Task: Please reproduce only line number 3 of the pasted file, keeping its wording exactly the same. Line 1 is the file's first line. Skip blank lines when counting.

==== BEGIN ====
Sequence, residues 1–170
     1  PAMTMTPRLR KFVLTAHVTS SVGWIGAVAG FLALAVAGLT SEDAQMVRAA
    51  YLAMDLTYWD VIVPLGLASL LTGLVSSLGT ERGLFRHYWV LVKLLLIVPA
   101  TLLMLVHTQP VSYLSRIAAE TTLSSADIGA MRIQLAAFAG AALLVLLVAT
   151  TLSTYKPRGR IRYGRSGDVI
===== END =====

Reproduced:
    51  YLAMDLTYWD VIVPLGLASL LTGLVSSLGT ERGLFRHYWV LVKLLLIVPA